#188 chefpeon

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Posted 06 September 2006 - 04:07 PM

A couple tips:
Use a pinch of cream of tartar in your sugar syrup and it will help prevent crystallizing.

When you pour your sugar syrup in, you need to have you beater moving at a good speed, but not so high that it whips the sugar syrup wildly back to the sides of the bowl, where it will harden and not mix in. Also be careful not to pour the syrup directly down the side of the bowl; add it between the bowl and the beater.

#189 RodneyCk

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Posted 06 September 2006 - 04:07 PM

As far as the crystallization you're referring to, did you get the syrup to a high enough temp? RLB also advises against stirring after the syrup comes to a boil, to prevent crystallization.

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and also when your sugar syrup is boiling, with a very clean pastry brush, dip in water and gently brush down the sides of the pot so there are no sugar crystals there to encourage the recrystallization of sugar

this should help.

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Another way is to put a lid on the pot as it boils and check it periodically. With the lid on, the moisture released turns back into water which washes the crystals away.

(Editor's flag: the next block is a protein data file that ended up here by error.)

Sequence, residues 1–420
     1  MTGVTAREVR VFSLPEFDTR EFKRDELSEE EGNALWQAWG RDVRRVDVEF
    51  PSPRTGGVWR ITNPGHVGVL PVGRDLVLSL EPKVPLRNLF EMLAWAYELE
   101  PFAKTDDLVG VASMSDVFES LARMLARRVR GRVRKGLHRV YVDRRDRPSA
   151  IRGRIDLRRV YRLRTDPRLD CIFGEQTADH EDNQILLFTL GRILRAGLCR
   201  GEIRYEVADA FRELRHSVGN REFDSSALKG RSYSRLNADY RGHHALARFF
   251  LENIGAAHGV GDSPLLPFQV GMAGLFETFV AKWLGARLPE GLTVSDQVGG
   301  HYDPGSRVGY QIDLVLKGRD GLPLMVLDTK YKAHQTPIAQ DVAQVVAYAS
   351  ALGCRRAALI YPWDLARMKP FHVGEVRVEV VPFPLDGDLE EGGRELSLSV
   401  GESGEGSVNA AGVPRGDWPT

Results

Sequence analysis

#190 RodneyCk

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Posted 06 September 2006 - 04:12 PM

One of the best items to buy is a "digital" instant read thermometer. I got this tip from Cook's Illustrated and it is a life, or in this case, pastry saver. No need to try and make sure the tip is far enough down or no waiting for the bloody candy thermometer to give you a reading. It is great for when things come up to temp fast and you are hurried, like with meringue buttercreams.

#191 JeanneCake

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Posted 06 September 2006 - 04:57 PM

I've been using a probe digital thermometer - and I've gone through one a year for the last five years. The problem is if the "thread" part (which attaches the probe to the base) gets exposed to an open flame, or bent (the new ones are flexible silicone of some sort; the older ones are wire). I set the alarm at 244 or 246 so by the time I get the pot off the stove top and over to the mixer, the temp rises to 248. (My instructor had one for years because we had induction cookers in class so no risk of open flame.)

#192 SweetSide

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Posted 07 September 2006 - 03:16 AM

One of the best items to buy is a "digital" instant read thermometer.  I got this tip from Cook's Illustrated and it is a life, or in this case, pastry saver.  No need to try and make sure the tip is far enough down or no waiting for the bloody candy thermometer to give you a reading.  It is great for when things come up to temp fast and you are hurried, like with meringue buttercreams.